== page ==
Tuesday, April 29, 2008

More Subprime, Alt-A Mortgages May Head `Underwater'

(Bloomberg) -- About half of recent subprime and Alt-A borrowers may soon owe more on their mortgages than their houses are worth or hold minimal equity, putting $800 billion of debt at greater risk of default, according to Barclays Capital.

Subprime loans from 2006 and 2007 that exceed the value of the homes jumped 5 percentage points to 19.8 percent in the fourth quarter, and may reach 26 percent by midyear if prices drop at the same pace, Barclays analysts wrote in a report yesterday. Alt-A loans, a grade better than subprime, would grow to 23 percent from 16.3 percent.

Many of the loans are in areas where prices are falling faster than the U.S. average, so the size of the shift is underappreciated, New York-based analysts Ajay Rajadhyaksha and Derek Chen wrote. The odds that a borrower will default, saddling lenders and bond investors with losses, rises when a homeowner owes more on a property than it can sell for, they wrote.

``Mortgage loans are moving underwater at a very sharp pace, far more than suggested by aggregate home price data,'' they wrote. Home mortgages held by households totaled $10.5 trillion on Dec. 31, according to Federal Reserve data.

The analysts used quarterly home-price data from the Office of Federal Housing Enterprise Oversight, which showed a 0.3 percent dip in prices nationwide in the fourth quarter from a year earlier, and tumbles of more than 14 percent in Modesto, California, and Port St. Lucie, Florida. S&P/Case-Shiller indexes tracking areas around 20 cities have shown more severe declines, including a 9 percent nationwide drop in the same period.

`Better to Sell'

Borrowers on about 26 percent of subprime loans from 2006 and 2007 will have equity of less than 10 percent by midyear, down from 29.4 percent at yearend, according to Barclays, as more borrowers slip underwater. The percentage on Alt-A mortgages should hold steady at about 23.5 percent. The report said 10.8 percent of Alt-A loans were underwater on Sept. 30.

``If they have home equity left, borrowers are hesitant to default, even if in trouble,'' the analysts wrote. ``If the house is worth more than the loan, why default and leave money for the bank? Better to sell the house instead.''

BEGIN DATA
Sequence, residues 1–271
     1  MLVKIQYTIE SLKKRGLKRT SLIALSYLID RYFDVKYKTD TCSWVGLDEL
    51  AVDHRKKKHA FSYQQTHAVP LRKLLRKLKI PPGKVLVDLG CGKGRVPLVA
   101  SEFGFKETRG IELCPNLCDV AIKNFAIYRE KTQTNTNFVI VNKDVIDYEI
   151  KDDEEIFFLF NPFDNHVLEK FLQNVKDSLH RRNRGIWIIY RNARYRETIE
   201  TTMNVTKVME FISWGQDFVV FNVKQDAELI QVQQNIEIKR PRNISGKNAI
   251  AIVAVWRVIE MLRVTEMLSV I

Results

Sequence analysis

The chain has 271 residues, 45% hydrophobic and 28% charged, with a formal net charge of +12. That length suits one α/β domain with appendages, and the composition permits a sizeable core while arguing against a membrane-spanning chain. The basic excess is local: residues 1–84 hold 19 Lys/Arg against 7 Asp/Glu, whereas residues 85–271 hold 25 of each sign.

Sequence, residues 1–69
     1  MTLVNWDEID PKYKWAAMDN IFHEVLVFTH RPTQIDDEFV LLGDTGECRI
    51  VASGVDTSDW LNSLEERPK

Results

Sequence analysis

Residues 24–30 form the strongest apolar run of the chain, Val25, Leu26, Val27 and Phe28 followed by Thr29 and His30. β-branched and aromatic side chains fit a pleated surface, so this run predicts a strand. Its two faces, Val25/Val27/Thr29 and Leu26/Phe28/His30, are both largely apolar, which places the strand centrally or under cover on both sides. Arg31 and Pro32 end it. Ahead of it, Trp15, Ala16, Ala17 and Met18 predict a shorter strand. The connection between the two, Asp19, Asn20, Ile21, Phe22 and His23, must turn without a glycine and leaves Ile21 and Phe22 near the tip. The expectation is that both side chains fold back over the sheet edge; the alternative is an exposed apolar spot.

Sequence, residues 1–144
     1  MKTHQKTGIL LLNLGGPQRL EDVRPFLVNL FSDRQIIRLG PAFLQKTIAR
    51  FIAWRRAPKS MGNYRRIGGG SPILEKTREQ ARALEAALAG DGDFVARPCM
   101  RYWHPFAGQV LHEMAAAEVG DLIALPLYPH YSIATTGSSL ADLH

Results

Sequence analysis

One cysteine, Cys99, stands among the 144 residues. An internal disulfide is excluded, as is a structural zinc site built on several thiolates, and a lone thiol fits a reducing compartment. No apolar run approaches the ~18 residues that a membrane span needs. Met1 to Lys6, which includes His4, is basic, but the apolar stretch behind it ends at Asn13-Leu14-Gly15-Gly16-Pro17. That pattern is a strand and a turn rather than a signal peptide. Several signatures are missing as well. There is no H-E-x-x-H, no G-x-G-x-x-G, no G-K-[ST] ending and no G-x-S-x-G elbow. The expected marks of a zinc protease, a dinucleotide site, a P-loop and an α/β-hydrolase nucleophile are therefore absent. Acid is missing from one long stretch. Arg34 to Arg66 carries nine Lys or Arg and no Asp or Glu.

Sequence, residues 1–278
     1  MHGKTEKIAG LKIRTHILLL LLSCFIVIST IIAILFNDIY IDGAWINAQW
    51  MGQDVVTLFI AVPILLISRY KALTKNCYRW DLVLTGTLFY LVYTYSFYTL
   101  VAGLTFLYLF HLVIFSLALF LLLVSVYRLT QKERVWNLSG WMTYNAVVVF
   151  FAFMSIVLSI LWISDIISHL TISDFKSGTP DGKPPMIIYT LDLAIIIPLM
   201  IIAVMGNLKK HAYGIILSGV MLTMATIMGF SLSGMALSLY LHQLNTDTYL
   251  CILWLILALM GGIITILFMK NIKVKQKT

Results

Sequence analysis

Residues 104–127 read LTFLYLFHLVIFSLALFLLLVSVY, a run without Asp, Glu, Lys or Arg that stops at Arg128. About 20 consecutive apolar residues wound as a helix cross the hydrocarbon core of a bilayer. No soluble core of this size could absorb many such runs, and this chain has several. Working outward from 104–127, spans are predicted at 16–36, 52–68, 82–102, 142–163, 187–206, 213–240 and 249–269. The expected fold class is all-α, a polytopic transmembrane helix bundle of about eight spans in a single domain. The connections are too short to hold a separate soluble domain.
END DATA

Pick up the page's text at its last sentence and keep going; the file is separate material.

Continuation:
Borrowers with poor or limited credit records or high debt used subprime mortgages to buy properties or tap home equity by refinancing. Lenders made Alt-A home loans to borrowers who want atypical terms such as proof-of-income waivers, delayed principal repayment or investment-property collateral, without having to offer sufficient compensating attributes.

Walking Away

Among two-year-old Alt-A mortgages that are underwater, 33 percent are at least 60 days late, the analysts wrote. That compares with 7 percent delinquency on similar loans in which homeowners have equity of at least 20 percent. For corresponding subprime loans, the delinquency rate is 58 percent for underwater debt and 29 percent where equity exceeds 20 percent.

Borrowers who have never been delinquent on a subprime mortgage are three times more likely to miss a payment if they have less than 20 percent equity in their homes, when compared with similar borrowers with more equity, according to a report last week from Credit Suisse Group. These homeowners then catch up only half as often as their counterparts, the report said.

Home prices in 20 U.S. metropolitan areas fell in February by the most on record, according to a report released today. The S&P/Case-Shiller home-price index dropped 12.7 percent from a year earlier, more than forecast and the most since the figures were first published in 2001. The gauge has fallen every month since January 2007.

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